Improving high schools

Bush is making improving high schools a priority. That’s very difficult, in part because it’s so hard to measure. Arguably, high schools that focus on educating a particular type of student are more effective than schools that try to be all things for all students. But it’s impossible to compare the math-science academy with the second-chance school for drop-outs.

For you hard-core policy wonks, here are the president’s education proposals with more from Education Secretary Rod Paige.

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Comments

  1. Mike in Texas says:

    Its hard to take seriously comments from the man whose school district was caught cooking the books about high school dropout rates.

  2. So Bush personally directed that information be withheld from his district? Even if he didn’t, I guess it’s his fault.

  3. Rod Paige was superintendent in Houston, where several high schools failed to report drop-outs. This is a very common practice, and is one of the reasons it’s so hard to judge high schools’ effectiveness.

  4. What is a drop-out, anyway? I thought the high schools in those new stories had not bothered to track students who stopped showing up.

    Seriously – those of you who work in education, enlighten me. Are there state guidelines on what these terms mean, or does each district set its own standards? Various federal web resources are no help.

  5. Walter E. Wallis says:

    Obviously, it all depends on what “out” is.
    And perhaps what “drop” is, too.

  6. it’s almost always better to express things as graduation rate: diplomas granted compared to freshman enrollment 4 years earlier.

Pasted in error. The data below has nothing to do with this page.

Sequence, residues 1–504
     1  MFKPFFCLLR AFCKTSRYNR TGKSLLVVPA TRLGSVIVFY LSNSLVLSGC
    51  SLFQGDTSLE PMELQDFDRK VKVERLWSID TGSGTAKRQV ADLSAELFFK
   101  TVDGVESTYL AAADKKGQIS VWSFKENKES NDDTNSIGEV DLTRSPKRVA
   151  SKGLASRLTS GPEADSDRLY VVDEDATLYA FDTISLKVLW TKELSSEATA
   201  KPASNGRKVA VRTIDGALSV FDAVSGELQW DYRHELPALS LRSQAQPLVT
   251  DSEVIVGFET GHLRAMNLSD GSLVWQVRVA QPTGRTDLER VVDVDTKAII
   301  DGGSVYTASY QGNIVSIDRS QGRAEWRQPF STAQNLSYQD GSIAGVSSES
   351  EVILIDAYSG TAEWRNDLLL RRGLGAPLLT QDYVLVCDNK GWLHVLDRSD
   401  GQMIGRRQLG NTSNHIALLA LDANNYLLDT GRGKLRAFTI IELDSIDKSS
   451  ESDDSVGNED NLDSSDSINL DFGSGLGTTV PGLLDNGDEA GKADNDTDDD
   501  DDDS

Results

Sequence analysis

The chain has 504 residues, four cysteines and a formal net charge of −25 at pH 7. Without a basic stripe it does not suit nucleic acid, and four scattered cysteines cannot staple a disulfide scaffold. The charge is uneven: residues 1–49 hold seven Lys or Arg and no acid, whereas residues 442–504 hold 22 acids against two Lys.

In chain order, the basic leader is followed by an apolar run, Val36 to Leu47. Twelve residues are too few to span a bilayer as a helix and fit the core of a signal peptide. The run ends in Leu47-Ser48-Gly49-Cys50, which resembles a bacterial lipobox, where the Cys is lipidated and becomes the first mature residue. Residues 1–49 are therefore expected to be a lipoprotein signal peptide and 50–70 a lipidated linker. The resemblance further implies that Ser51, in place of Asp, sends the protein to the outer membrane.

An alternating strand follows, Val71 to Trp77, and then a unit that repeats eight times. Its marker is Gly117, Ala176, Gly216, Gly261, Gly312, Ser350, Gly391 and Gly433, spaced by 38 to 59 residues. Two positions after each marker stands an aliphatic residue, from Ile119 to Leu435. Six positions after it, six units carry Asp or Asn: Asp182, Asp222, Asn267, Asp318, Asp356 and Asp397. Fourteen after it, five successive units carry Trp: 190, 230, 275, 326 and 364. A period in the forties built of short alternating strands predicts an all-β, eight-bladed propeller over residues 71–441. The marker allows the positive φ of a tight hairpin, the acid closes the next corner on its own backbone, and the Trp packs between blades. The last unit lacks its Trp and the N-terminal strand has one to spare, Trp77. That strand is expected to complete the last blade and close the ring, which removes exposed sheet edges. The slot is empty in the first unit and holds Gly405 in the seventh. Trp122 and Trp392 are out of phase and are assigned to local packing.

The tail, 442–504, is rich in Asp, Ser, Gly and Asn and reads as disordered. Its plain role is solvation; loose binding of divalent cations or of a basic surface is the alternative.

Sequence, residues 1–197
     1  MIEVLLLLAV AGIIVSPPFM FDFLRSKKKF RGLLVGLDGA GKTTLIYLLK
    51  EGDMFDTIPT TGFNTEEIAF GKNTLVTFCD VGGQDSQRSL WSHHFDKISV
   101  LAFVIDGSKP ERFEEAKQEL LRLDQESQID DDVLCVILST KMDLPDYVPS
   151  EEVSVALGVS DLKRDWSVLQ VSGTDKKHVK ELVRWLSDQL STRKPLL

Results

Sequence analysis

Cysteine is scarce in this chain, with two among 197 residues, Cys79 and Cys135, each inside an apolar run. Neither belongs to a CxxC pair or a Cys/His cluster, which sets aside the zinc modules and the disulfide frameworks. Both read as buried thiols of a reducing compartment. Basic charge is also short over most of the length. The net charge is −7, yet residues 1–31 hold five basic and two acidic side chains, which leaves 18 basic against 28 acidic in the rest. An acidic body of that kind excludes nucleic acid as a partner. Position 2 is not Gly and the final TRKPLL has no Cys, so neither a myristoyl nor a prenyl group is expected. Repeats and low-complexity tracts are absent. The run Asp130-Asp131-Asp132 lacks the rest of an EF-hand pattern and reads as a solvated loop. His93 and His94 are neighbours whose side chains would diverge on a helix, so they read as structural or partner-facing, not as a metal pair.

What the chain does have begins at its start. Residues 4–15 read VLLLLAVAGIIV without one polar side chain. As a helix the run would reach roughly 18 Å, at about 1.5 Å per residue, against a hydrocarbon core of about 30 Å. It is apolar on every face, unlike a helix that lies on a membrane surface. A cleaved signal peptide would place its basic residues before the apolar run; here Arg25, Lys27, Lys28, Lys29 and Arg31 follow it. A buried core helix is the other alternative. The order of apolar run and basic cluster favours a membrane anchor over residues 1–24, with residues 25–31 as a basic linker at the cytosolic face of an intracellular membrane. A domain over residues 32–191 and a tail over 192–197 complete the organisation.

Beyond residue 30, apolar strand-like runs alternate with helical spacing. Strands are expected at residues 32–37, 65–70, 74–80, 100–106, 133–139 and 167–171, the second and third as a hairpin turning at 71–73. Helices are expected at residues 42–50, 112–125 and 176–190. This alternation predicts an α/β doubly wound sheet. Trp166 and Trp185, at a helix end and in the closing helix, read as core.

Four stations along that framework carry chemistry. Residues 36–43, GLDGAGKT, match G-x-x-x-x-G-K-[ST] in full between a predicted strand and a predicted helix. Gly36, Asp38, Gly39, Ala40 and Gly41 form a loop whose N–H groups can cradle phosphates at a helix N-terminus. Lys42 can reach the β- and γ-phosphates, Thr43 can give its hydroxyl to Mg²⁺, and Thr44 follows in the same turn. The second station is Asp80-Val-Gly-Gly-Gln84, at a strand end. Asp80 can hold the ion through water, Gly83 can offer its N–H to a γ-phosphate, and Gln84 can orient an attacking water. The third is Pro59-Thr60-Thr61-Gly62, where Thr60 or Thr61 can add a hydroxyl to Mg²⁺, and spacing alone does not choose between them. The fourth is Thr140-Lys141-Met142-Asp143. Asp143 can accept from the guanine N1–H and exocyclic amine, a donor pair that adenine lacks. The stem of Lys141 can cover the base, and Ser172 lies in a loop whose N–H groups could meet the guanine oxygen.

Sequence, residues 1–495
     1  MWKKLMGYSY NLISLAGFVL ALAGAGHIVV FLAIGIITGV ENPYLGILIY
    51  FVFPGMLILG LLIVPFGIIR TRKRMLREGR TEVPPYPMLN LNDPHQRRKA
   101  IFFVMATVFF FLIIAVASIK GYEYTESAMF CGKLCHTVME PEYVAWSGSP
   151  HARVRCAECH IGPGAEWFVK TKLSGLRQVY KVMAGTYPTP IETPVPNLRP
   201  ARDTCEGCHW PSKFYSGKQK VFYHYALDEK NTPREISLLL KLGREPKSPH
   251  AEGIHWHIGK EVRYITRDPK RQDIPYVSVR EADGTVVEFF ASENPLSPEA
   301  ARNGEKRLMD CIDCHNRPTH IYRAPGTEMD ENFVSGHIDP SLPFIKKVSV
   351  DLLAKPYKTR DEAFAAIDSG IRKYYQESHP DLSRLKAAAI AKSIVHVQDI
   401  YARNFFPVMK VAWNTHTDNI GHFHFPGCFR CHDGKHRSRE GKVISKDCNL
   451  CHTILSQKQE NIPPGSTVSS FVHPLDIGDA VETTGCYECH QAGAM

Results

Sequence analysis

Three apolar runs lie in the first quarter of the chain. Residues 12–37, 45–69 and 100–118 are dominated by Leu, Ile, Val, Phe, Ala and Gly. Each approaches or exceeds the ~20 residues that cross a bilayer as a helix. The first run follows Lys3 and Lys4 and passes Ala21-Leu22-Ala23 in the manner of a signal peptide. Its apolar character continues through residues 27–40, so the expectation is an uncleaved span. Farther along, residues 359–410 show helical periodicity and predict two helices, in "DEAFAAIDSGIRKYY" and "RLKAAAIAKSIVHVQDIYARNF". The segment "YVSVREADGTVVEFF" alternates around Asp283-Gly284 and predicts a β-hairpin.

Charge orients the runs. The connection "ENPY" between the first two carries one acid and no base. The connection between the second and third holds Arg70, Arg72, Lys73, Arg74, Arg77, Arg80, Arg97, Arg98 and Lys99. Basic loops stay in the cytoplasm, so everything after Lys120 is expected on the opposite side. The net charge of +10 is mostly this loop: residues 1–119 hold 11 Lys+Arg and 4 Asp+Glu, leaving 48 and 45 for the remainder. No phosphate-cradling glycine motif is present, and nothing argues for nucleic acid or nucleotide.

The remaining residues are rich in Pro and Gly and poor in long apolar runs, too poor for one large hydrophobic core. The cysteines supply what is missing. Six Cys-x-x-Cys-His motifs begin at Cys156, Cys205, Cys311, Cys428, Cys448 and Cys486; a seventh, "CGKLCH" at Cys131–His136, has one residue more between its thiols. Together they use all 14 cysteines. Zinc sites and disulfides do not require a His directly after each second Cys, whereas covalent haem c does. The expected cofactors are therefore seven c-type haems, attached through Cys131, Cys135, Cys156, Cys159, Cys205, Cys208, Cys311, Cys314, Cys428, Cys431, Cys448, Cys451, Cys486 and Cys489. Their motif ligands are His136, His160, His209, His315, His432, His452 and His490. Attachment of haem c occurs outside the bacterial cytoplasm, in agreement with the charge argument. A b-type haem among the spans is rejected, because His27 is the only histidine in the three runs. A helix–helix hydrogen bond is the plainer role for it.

While a district may claim som significant variance: moving, kids taking GREs, or kids taking more years… it shifts a burden of proof — requiring schools to undertake vital record keeping

  7. Using graduation rate could be deceptive as well: My district has a 20% annual growth rate, so a graduation rate of over 100% would be common. It would not, therefore, tell us much.

  8. Don’t make excuses for Rod Paige. Schools keep rigorous records of attendance and enrollment: This effects state funding, and there’s typically one court case every few years at each school which requires the teacher’s roll book to be entered into evidence to prove that a student was or was not in attendance at school.

    Texas had (has?) a long-standing culture of hiding poor performance through administrative sleight of hand: An example: Let’s say that there’s a test implemented in grade 7 that the school knows that a particular student will do poorly on: The student will be held back in grade 6 an extra year, then socially promoted to grade 8, avoiding his ever being tested (note that this nicely avoids the every student gets tested structures of NCLB, as well). At other times it was just straight-out lieing about what’s happening in the schools. Either way, the Texas education miracle is pretty well documented to have been a fraud.

  9. Well which one is it, Vito? Either schools keep rigorous records or they indulge in administrative sleight of hand. Doing one or the other I can understand but doing them both is just asking for trouble.